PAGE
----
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  1. Rimrock

    Jan 17, 2013 at 1:56 pm

    Having been in manufacturing all my life I can appreciate Leftright using the word tolerance. What are the tolerances for shafts? Who knows? When shafts come off the production line and they are within the +- tolerance they are shipped.

    When reviewing the shaft one begins to wonder about the head of the club the shaft was put in. How can you not mention that in relation to performance of the shaft? Ho about Loft, Lie, Ball, weather conditions On and on.

  2. Leftright

    Sep 11, 2012 at 3:17 pm

    There has got to be a better way. The bad thing about graphite is that it is “still” not as consistent as steel and it varies from shaft to shaft. I think the premium makers have the tolerances a bit closer so we pay 3-400 dollars for that piece of mind. I can’t believe you can say I have a 100mph swing and hit the driver medium high with a 9.5 driver with a fubuki 63 tour S and some one can’t tell you which shaft might work for you. They can’t because the tolerances suck. The golf manufacturers and shaft companies have quite a racket going.

  3. MatrixEquipped

    Aug 25, 2012 at 6:23 pm

    Where are the BlackTies?!?! Love 7M3….thought that would make the list…but no matrix at all….

  4. Mrmojo

    Aug 24, 2012 at 1:53 am

    What about the Epic shaft? Aren’t they supposed to be very good?

  5. Gwalt5

    Jun 21, 2012 at 12:04 pm

    Are you guys kidding me Graphite Design’s AD DI is one of the best shafts on the market. Obviously, if a golf forum is going to do a shaft comparison they want to involve shafts that you see professionals using along with the shafts people THINK they can hit well. I thought the information provided was accurate and yes there are some great shafts missing from the conversation but cuts must be made…..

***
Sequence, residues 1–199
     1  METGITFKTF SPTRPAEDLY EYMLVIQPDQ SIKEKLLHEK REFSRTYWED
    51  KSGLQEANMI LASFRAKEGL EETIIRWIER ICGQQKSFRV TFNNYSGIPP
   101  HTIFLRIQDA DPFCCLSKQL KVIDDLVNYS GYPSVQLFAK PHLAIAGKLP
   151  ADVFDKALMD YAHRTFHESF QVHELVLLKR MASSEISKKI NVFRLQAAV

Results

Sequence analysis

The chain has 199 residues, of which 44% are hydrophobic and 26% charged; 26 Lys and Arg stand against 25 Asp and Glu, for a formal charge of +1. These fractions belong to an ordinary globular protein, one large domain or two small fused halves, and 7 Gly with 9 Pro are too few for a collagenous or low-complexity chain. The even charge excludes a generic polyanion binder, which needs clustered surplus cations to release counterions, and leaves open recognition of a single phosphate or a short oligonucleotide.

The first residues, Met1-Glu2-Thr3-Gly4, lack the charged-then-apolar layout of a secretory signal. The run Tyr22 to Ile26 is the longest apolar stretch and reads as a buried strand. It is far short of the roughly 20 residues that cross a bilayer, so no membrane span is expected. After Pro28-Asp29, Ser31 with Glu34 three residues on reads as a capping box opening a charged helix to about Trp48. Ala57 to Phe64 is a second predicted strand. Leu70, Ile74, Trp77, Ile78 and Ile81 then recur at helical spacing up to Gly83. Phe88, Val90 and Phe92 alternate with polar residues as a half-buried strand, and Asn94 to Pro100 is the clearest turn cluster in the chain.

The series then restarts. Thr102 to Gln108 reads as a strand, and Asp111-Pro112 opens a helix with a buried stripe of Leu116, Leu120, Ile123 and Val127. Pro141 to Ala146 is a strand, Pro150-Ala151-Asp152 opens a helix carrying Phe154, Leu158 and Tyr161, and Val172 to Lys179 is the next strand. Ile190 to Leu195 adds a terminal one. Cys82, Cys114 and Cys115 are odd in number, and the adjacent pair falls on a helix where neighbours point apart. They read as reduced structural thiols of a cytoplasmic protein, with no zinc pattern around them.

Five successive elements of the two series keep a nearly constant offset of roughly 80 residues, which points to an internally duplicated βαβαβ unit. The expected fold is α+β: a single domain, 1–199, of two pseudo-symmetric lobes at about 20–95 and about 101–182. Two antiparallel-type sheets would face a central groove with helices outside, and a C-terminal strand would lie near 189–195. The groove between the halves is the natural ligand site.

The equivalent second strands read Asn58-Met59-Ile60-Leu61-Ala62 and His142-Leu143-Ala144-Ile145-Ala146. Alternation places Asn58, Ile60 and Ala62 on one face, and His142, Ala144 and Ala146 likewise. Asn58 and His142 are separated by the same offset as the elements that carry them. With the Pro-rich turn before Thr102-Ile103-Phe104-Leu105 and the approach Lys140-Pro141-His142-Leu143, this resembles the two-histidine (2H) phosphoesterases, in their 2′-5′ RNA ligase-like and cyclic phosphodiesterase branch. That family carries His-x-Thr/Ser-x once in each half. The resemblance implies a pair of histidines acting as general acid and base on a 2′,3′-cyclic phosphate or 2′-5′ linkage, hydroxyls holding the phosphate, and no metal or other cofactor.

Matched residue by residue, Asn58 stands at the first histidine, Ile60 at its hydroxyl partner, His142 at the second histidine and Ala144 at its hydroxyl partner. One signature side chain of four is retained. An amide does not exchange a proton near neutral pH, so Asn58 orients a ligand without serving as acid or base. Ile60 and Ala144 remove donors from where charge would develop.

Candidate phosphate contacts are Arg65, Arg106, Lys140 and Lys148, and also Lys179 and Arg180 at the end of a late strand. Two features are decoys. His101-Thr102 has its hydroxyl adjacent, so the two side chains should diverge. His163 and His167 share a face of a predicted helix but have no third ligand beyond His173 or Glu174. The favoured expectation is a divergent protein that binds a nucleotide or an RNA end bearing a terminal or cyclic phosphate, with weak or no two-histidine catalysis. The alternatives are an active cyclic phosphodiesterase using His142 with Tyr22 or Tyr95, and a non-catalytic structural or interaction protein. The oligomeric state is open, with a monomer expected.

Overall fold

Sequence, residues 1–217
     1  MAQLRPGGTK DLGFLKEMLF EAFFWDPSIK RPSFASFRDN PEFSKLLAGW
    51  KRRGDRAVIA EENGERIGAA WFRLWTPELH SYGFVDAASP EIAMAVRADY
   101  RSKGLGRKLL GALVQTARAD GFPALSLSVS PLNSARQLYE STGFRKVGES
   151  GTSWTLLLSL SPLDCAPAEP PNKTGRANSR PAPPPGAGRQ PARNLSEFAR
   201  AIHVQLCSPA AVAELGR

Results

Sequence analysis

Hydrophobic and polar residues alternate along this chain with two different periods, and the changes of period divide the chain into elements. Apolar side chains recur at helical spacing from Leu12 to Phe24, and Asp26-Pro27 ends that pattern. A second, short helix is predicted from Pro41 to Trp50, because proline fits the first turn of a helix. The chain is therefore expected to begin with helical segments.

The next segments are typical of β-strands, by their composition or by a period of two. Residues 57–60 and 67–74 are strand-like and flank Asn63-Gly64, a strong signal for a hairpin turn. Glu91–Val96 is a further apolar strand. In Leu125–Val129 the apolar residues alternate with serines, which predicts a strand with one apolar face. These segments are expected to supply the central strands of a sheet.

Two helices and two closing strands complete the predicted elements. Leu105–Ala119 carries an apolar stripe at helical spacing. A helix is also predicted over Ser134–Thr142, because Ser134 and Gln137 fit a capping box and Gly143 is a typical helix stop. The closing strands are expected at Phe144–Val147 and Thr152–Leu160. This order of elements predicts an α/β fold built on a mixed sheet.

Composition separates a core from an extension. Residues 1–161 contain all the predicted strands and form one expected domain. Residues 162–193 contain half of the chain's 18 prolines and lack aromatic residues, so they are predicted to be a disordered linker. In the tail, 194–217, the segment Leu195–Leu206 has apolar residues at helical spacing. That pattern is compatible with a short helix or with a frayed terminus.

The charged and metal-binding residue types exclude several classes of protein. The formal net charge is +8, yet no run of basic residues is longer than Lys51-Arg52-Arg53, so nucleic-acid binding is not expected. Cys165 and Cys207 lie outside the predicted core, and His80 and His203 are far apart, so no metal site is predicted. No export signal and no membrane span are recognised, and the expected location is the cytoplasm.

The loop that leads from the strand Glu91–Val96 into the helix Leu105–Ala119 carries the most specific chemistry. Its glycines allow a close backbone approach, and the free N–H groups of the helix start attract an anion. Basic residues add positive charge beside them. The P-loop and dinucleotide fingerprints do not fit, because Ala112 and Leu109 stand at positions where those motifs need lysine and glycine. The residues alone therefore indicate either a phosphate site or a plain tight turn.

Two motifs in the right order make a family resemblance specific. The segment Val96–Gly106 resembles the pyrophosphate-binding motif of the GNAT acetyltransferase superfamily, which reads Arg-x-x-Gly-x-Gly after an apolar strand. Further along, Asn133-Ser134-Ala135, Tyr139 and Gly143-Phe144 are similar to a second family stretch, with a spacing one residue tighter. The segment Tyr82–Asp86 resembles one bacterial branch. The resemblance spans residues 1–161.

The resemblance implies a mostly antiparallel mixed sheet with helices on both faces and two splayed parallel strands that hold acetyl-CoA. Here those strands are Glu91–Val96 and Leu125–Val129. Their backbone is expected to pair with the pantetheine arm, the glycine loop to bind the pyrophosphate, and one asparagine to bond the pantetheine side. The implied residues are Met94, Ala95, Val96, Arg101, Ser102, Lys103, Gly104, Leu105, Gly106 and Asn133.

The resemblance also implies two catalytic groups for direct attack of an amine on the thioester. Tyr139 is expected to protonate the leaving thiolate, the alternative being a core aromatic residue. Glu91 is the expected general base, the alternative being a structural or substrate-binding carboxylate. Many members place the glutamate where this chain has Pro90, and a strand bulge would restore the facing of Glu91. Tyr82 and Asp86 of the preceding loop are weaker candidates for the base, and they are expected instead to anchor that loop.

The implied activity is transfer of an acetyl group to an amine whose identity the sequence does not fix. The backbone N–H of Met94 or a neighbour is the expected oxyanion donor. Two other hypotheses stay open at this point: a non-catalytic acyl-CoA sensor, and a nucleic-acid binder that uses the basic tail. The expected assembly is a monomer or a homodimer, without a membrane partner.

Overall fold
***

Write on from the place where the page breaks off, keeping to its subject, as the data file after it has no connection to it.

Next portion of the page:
6. Kyleyoung

    Jun 17, 2012 at 6:10 pm

    What about the Fubuki k serious shaft. I use the 60x in an r11s .. And it is a rocket. I get a low launch and low spin with great feel,,

  7. GolfWRX

    Jun 6, 2012 at 8:27 am

    No junk there. Maybe for you but not for many. The BB is close to it. Higher launch and 200 to 300 less RPM in spin.

  8. Pingback: – June 2012 Editors Choice- Best Premium Shafts | Golf Products Reviews

  9. Pingback: – May 2012 Editors Choice- Best Premium Shafts | Golf Products Reviews

  10. tapinbirdie

    May 3, 2012 at 5:36 pm

    Tour AD DI? Where is Tour AD BB? Tour AD DI was junk.

  11. jabroni23

    Apr 10, 2012 at 5:29 am

    I’m very surprised that the Attas T2 isn’t mentioned here. I’ve been gaming an AD DI 7x for the last year and tried out the Attas T2 7x. The AD DI is now in the garage. I gained distance, but also gained accuracy. The T2 is worlds straighter than the AD DI. And talk about feel, the T2 is smoother than anything I’ve every played.

  12. ThatGolfer

    Apr 4, 2012 at 7:20 pm

    Harrison Saga, wonderful shaft hard to beat it and about as in expensive as your going to find and stills competes with these top shafts

  13. TomMiller

    Apr 2, 2012 at 9:15 pm

    I don’t know how you determine the best shaft. Shafts often match a specific swing profile. I tried several of the shafts above, and they sucked for me. The Fujikura F3 fit me best and I easily was seeing 20 more yards then the other shafts. That doesn’t mean the other shafts are bad shafts, they just don’t fit my swing profile.

  14. brentonbowen

    Apr 2, 2012 at 1:42 pm